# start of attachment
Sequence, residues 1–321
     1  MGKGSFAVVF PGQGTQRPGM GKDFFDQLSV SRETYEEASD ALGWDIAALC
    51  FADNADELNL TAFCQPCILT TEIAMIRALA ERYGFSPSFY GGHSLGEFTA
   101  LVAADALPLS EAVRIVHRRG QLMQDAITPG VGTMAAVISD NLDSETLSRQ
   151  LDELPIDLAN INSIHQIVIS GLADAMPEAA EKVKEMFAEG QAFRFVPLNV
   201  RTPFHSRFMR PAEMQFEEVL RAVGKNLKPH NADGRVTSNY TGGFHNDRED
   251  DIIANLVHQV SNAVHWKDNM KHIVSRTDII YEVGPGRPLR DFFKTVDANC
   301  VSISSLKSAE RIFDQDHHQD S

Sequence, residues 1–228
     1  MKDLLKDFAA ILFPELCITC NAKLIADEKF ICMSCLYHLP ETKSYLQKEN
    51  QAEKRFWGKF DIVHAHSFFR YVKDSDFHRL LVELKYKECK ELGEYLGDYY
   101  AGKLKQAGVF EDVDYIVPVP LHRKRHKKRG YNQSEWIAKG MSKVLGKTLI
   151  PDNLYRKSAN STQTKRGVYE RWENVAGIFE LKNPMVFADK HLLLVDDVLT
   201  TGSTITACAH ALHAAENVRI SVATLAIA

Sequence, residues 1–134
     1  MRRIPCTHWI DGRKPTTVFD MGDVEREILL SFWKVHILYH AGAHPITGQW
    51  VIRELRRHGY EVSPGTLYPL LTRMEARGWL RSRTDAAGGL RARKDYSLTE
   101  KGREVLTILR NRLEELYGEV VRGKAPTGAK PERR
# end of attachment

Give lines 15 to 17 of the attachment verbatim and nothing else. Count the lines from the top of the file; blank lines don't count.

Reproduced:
Sequence, residues 1–134
     1  MRRIPCTHWI DGRKPTTVFD MGDVEREILL SFWKVHILYH AGAHPITGQW
    51  VIRELRRHGY EVSPGTLYPL LTRMEARGWL RSRTDAAGGL RARKDYSLTE